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ARS Home » Northeast Area » Beltsville, Maryland (BARC) » Beltsville Agricultural Research Center » Systematic Entomology Laboratory » Research » Publications at this Location » Publication #356174

Research Project: Systematics of Parasitic and Herbivorous Wasps of Agricultural Importance

Location: Systematic Entomology Laboratory

Title: Review of the Synergus Hartig species (Hymenoptera: Cynipidae: Synergini) associated with tuberous and other tumor-like galls on oaks from America with the description of three new species from Mexico

Author
item Lobato-vila, Irene - University Of Barcelona
item Cibrian-tovar, David - Universidad Nacional Autonoma De Mexico
item Barrera-ruiz, Uriel M. - Universidad Nacional Autonoma De Mexico
item Equiha-martinez, Armando - University Of Mexico
item Estrada-venegas, Edith - University Of Mexico
item Buffington, Matthew
item Pujade-villar, Juli - University Of Barcelona

Submitted to: Proceedings of the Entomological Society of Washington
Publication Type: Peer Reviewed Journal
Publication Acceptance Date: 12/15/2018
Publication Date: 4/5/2019
Citation: Lobato-Vila, I., Cibrian-Tovar, D., Barrera-Ruiz, U., Equiha-Martinez, A., Estrada-Venegas, E., Buffington, M.L., Pujade-Villar, J. 2019. Review of the Synergus Hartig species (Hymenoptera: Cynipidae: Synergini) associated with tuberous and other tumor-like galls on oaks from America with the description of three new species from Mexico. Proceedings of the Entomological Society of Washington. 121(2):193-255.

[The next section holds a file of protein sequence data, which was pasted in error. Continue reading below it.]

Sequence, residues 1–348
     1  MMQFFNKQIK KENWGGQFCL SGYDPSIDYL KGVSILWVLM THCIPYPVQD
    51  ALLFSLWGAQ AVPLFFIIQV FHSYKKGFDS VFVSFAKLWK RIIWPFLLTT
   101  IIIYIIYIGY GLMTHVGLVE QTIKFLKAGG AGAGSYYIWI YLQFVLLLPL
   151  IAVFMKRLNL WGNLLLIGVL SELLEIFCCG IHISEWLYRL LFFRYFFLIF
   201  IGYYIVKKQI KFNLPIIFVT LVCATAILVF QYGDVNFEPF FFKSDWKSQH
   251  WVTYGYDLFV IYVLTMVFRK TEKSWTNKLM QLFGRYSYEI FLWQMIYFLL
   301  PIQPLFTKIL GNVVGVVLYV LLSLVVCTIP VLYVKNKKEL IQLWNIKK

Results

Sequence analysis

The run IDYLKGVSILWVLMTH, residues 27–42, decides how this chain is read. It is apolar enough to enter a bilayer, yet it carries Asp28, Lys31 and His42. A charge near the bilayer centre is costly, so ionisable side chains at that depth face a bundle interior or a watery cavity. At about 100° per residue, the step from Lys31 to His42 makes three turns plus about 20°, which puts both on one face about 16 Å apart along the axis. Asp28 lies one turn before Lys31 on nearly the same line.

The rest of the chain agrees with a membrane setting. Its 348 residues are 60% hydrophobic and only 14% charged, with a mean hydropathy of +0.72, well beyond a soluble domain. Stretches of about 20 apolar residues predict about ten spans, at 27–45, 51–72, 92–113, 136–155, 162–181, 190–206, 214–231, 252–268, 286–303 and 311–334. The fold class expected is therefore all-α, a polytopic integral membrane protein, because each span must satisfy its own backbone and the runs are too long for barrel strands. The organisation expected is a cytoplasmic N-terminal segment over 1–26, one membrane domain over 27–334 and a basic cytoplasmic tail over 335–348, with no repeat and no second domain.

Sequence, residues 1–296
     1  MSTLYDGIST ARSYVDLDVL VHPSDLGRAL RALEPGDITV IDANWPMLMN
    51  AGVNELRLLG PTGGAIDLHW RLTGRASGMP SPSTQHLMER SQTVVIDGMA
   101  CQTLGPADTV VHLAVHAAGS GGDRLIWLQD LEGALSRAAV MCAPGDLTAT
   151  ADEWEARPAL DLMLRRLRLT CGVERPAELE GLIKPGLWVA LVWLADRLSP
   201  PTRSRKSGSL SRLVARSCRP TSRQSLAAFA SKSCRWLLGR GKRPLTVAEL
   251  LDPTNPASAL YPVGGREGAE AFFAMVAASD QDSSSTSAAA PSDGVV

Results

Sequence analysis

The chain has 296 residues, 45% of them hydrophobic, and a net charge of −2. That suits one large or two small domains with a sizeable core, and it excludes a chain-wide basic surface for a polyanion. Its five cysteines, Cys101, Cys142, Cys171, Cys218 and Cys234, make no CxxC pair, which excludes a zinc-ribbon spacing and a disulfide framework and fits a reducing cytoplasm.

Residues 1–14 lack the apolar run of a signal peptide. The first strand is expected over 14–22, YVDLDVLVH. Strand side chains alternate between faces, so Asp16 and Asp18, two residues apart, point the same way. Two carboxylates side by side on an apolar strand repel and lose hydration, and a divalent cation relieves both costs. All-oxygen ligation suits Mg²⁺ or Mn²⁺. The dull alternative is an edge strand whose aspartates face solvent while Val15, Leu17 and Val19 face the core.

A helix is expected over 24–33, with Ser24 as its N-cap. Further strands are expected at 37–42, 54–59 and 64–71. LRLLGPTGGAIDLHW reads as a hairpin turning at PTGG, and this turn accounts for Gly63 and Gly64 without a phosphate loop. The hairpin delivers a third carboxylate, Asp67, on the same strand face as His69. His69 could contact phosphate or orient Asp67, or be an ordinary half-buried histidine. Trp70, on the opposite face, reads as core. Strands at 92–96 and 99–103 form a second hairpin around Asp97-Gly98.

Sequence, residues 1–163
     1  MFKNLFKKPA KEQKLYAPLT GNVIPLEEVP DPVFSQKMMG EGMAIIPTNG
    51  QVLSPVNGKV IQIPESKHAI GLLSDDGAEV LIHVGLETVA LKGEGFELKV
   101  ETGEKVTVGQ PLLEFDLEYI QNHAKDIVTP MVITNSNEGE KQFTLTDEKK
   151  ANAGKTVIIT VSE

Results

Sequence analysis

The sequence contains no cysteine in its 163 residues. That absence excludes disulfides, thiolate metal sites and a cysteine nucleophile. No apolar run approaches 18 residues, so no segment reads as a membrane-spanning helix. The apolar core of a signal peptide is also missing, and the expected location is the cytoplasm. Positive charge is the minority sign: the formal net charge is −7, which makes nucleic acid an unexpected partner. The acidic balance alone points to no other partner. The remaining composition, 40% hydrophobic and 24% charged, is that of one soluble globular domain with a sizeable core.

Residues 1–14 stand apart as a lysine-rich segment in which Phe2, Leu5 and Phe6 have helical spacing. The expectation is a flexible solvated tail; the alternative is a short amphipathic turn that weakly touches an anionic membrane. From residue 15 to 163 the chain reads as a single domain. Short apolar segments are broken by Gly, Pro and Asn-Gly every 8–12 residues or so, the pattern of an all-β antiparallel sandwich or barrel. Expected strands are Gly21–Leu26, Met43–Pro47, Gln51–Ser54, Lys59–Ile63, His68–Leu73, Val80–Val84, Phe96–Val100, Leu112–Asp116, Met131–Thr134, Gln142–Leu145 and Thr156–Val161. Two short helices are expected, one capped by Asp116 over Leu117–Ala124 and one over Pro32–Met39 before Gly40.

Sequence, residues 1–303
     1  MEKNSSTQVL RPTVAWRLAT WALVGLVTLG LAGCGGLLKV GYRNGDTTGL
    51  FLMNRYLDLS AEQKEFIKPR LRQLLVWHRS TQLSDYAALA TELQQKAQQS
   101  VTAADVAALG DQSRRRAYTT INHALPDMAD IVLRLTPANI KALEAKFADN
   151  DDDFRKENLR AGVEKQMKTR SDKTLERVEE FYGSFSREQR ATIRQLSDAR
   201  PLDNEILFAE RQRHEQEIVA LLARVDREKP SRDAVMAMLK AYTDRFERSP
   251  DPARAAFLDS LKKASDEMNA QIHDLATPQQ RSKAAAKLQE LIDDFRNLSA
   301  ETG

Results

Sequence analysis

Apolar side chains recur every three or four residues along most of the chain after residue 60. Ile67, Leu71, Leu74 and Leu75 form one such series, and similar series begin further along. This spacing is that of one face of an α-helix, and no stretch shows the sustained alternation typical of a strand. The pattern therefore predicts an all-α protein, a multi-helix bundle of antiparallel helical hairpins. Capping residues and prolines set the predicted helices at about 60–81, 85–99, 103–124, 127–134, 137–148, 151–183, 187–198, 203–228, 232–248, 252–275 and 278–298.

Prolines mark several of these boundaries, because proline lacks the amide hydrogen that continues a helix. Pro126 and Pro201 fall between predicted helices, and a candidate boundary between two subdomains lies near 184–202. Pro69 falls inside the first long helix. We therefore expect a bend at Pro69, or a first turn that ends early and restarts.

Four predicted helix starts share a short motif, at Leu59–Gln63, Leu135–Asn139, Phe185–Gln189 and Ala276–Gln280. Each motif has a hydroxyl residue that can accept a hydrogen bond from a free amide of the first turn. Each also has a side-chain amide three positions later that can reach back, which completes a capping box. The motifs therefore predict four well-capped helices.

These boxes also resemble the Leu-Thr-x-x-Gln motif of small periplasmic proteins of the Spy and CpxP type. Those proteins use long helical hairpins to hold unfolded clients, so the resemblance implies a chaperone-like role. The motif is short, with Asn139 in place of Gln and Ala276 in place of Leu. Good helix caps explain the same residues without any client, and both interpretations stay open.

Interpretive Summary: Gall-inducing wasps play a major role both ecologically and agriculturally in the United States. Few are pest species, but all gall wasps modify their host plant for their own nutritive needs as well as shelter. Some wasps have lost the ability to induce galls, and instead, take over a gall that is already growing on a plant. This paper reviews wasps that do this in Mexico and the southern United States. New species are described, and older species are revised. Ecologists, bio-control workers, and extension entomologists will find these data essential for their work

Technical Abstract: A review of the inquiline oak gall wasp species of the genus Synergus Hartig, associated with tuberous and other tumor-like galls on oaks (Quercus L.) from America, is provided for the first time. Redescriptions, comments, pictures and new location data for the species previously known from America are provided. Three new species emerged from tuberous galls collected in Mexico, and are formally described and illustrated: Synergus grahami Lobato-Vila & Pujade-Villar sp. nov., S. shorthousei Lobato-Vila & Pujade-Villar sp. nov. and S. tenebrosus Lobato-Vila & Pujade-Villar sp. nov. A morphological key to identify and separate the new species is given. In addition, Saphonecrus brevicornis (Ashmead, 1896) is returned to Synergus and Synergus multiplicatus Fullaway, 1911 becomes syn. nov. of S. mexicanus Gillette, 1896.